FDA APPROVES SECOND COVID-19 VACCINE BY MODERNA

Printer-friendly versionPrinter-friendly version Share this

By Miriam Raftery

Photo via U.S. Health and Human Services

December 19, 2020 (Washington D.C.) --  On Friday, the U.S.  Food and Drug Administration announced that it has issued an Emergency Use Authorization for Moderna’s COVID-19 vaccine.  This is the second vaccine to win approval, after the approval of a Pfizer vaccine earlier this month.

According to an announcement from the U.S. Health and Human Services agency, more than 5.9 million doses of the vaccine are allocated for jurisdictions to receive in the coming week.

Acting Defense Secretary Christopher Miller, states, “On January 7, before China had reported even one death from the novel coronavirus or confirmed human-to-human transmission, NIH scientists and innovators at Moderna agreed to begin work on the vaccine that received FDA authorization today…Authorization of Moderna’s vaccine means we can accelerate the vaccination of frontline healthcare workers and Americans in long-term-care facilities, and, ultimately, bring a faster end to this pandemic.”

Acting Secretary of Defense Christopher Miller states, “The swift authorization of a second vaccine by the FDA is great news for the American people. The DoD, with the work of General Perna and Operation Warp Speed, stands ready to work with our public and private-sector partners to ensure doses reach Americans as soon as possible. Together, we will bring this pandemic to an end.”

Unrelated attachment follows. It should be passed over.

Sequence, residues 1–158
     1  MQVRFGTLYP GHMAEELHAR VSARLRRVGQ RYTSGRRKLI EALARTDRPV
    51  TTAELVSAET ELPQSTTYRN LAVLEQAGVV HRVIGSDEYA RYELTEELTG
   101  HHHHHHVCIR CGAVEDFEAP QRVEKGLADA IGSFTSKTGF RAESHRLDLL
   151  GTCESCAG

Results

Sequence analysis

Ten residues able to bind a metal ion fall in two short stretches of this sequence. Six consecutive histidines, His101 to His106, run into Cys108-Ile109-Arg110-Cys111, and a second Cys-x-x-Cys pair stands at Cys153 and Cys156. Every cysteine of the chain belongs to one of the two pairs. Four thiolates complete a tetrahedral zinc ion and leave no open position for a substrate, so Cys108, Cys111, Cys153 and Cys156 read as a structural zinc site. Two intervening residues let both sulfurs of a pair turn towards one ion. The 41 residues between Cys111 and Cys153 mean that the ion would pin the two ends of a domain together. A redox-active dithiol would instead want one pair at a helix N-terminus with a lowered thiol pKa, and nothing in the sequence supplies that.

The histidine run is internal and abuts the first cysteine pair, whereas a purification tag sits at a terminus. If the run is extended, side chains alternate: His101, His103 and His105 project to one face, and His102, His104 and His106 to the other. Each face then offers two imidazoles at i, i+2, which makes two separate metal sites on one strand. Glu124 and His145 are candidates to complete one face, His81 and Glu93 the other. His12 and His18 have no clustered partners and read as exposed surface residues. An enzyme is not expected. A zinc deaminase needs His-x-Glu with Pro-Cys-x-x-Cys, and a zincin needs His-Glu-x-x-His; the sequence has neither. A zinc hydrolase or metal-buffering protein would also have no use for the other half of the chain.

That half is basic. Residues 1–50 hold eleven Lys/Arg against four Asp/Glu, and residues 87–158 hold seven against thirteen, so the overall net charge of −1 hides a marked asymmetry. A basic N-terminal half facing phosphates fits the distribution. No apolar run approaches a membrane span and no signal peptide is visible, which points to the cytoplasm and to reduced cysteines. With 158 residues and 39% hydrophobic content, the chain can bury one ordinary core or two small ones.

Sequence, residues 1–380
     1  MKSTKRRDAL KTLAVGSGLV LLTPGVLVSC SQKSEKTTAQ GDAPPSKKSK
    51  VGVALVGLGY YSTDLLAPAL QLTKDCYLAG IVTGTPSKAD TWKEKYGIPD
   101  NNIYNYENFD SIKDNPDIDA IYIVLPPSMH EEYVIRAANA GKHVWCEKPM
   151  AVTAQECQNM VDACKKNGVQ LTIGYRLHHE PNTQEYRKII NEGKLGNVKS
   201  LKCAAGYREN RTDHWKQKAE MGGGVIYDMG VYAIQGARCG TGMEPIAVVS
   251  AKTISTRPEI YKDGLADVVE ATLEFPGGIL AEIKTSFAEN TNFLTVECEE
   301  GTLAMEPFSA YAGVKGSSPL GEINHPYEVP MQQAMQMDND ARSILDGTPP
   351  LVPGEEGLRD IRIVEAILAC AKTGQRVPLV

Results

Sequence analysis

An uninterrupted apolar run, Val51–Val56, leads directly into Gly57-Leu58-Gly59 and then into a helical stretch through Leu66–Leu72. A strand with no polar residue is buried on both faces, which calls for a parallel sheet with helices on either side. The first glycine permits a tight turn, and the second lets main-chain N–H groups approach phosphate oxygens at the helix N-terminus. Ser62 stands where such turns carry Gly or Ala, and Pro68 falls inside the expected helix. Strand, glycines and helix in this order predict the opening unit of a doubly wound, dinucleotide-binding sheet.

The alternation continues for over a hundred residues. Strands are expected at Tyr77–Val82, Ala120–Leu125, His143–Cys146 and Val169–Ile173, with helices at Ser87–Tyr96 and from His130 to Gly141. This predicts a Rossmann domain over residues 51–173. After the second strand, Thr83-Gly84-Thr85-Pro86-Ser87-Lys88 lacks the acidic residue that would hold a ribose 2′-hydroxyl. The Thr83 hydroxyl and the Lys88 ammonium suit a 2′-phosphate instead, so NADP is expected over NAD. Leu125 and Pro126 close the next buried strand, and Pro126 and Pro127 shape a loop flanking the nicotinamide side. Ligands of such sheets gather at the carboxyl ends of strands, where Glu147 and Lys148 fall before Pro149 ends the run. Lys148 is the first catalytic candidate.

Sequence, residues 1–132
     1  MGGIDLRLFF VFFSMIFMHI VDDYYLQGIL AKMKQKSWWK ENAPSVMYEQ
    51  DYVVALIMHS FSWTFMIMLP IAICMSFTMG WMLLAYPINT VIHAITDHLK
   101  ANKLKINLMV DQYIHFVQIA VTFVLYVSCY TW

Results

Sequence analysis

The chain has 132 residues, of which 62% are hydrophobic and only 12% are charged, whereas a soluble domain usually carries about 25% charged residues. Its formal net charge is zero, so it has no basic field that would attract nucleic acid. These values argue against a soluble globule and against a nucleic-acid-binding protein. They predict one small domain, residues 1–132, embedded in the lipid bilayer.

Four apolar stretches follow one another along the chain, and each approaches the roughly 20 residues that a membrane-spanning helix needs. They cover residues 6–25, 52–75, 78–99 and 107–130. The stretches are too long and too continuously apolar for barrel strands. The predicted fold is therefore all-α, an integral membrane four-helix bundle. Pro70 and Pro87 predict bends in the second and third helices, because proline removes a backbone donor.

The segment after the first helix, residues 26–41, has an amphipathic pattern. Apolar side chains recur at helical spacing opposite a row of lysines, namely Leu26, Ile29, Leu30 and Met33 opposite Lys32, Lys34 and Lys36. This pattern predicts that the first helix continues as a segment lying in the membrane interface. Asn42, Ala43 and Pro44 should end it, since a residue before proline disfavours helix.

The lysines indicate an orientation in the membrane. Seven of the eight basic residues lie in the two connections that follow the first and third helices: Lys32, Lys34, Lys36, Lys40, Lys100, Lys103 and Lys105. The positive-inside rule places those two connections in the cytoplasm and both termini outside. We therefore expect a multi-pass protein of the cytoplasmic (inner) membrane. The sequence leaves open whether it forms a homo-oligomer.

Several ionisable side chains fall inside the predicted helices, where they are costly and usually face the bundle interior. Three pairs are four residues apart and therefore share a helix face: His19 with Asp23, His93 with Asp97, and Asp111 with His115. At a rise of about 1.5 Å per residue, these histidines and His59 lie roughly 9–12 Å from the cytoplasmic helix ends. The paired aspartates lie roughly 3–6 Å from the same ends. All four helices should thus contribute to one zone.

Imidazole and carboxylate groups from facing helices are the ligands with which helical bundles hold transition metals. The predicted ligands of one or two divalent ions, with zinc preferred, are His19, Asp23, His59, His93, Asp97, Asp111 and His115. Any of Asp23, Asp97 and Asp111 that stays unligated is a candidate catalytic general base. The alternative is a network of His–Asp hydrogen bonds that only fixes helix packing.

The Moderna vaccine, like the Pfizer vaccine, is based on messenger-RNA. Both have been shown to be around 94-95% effective in widespread clinical trials. But the Moderna vaccine has a key advantage, since it can be stored at lower temperatures in standard refrigeration units, making it more practical for use in a wider range of locations.

Development of the Moderna vaccine included substantial funding donated by country music superstar Dolly Parton to Vanderbilt University Medical Center for COVID-19 research.

Parton told the BBC recently, "I just felt so proud to have been part of that little seed money that will hopefully grow into something great and help to heal this world,"adding, "I'm a very proud girl today to know I had anything at all to do with something that's going to help us through this crazy pandemic."


Error message

Local news in the public interest is more important now than ever, during the COVID-19 crisis. Our reporters, as essential workers, are dedicated to keeping you informed, even though we’ve had to cancel fundraising events. Please give the gift of community journalism by donating at https://www.eastcountymedia.org/donate.